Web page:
The data matrix is reorganized one last time so that both the group and the number of the repeated measures are available: , , , and . The and matrices are then computed as usual.

Partitioning this last matrix, the quantity can be obtained.

Finally, the error proportion of variance can be estimated as the within-subjects variation left unexplained:

in which is given by

where is the between-factors sum of squares memorized in the previous subsection.

The ratios for the repeated-measure effect and the interaction effect can be computed with the formulas:

which we compute.

All the information required has been gathered; the ANOVA table can be produced just like in the section Computing a Split-Plot ANOVA from the Computations Obtained by a Between-Subjects ANOVA.

### The MixedDesignANOVA Package

The MixedDesignANOVA package performs the different analyses using the procedures outlined in the previous section. It works for equal as well as for unequal numbers of subjects per group. To use it, first load the package (adapt the path if necessary) and load some data. Optionally, you can define labels for the factors and the levels of the factors.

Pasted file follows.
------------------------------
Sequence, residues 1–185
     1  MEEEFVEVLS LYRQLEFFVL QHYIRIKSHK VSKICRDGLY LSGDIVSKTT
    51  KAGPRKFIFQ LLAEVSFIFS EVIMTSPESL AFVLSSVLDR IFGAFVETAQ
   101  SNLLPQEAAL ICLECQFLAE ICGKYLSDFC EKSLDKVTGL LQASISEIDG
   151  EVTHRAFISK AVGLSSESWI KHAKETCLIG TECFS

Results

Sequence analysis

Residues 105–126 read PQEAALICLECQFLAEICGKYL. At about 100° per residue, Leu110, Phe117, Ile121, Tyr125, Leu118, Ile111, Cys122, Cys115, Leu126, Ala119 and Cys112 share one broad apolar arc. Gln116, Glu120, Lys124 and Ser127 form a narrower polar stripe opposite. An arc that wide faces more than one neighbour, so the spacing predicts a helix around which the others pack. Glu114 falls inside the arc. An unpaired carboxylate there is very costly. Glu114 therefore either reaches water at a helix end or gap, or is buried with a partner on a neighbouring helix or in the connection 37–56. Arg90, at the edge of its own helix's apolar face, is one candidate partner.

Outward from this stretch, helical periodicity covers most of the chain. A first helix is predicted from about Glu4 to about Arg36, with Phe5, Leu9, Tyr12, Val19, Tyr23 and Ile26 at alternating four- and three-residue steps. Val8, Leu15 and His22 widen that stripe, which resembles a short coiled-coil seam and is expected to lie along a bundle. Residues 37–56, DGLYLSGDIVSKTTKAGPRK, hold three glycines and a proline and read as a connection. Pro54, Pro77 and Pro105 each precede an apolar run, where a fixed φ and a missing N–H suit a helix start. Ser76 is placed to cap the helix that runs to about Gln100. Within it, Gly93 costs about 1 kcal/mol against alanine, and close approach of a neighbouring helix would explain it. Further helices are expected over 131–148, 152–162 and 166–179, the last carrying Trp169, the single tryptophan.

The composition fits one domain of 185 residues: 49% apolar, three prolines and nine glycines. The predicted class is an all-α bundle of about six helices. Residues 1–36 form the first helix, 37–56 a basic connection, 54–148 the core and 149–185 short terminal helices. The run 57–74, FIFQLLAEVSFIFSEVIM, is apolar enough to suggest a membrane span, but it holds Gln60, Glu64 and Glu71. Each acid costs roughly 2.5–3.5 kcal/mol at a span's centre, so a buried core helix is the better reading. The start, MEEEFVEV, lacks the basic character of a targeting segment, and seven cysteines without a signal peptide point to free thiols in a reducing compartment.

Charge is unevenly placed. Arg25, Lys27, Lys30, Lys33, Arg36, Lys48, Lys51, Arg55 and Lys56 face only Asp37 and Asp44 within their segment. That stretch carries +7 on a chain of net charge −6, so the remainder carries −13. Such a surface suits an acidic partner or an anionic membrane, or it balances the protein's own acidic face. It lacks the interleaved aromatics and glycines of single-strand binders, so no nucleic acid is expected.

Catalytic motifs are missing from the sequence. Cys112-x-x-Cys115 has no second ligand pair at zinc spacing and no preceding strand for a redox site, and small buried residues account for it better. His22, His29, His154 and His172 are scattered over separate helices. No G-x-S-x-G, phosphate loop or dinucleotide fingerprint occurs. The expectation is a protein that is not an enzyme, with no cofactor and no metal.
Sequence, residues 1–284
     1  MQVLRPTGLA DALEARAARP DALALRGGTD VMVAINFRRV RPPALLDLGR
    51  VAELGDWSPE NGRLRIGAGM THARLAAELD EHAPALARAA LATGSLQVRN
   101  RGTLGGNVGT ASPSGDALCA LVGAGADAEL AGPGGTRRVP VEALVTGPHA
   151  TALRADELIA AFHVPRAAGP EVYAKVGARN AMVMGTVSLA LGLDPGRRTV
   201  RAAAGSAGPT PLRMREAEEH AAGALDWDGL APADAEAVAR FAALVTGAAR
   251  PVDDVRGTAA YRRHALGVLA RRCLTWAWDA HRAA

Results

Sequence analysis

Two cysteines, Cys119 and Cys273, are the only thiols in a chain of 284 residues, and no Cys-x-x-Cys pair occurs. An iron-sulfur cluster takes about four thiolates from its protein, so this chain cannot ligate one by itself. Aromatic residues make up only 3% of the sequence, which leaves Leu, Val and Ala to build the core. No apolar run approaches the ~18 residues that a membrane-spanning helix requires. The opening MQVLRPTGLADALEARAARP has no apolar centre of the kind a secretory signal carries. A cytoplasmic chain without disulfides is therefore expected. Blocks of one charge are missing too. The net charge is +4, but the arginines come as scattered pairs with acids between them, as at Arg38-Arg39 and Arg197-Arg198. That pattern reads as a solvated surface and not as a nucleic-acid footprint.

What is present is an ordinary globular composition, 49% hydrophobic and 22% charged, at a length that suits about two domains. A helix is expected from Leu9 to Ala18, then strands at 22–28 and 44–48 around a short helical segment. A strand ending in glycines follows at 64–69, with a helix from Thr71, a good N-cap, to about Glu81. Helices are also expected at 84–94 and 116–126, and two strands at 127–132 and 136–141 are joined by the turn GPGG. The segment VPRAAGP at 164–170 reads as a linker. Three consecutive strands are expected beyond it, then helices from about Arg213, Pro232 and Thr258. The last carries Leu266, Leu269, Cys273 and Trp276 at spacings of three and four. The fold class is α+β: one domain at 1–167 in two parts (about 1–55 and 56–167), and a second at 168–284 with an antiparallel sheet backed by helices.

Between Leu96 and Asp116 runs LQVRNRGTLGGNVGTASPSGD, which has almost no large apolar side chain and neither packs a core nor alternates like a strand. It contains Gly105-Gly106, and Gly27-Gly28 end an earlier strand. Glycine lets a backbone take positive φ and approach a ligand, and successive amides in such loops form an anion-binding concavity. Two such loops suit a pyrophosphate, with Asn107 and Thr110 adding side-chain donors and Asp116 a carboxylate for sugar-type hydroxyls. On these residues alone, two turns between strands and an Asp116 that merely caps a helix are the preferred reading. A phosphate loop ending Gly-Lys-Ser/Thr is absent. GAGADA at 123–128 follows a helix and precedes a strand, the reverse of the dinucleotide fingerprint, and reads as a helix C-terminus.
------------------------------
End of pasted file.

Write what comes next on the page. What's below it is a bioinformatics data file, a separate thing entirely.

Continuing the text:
The command MixedDesignANOVA, with a data matrix respecting the input format defined in the first section, displays the ANOVA table only, with default names (B for the between-subjects factor and A for the within-subjects factor).

The command has seven options, as listed below. The option Epsilons is used to compute the Greenhouse-Geisser, the Huynh-Feldt and the lower-bound epsilons [5, 6]. The options MeanTable and MeanPlot show the mean across conditions and measures under the form of a table or visually. The option VarCov returns the variance-covariance matrices for each group as well as the global variance-covariance matrix.

Finally, the option SummaryStatistics can be used to display summary statistics for each cell of the design. Default summary statistics are None; Automatic returns the mean, variance, standard deviation, length (i.e. the number of observations in the cell), unbiased skewness, and unbiased kurtosis.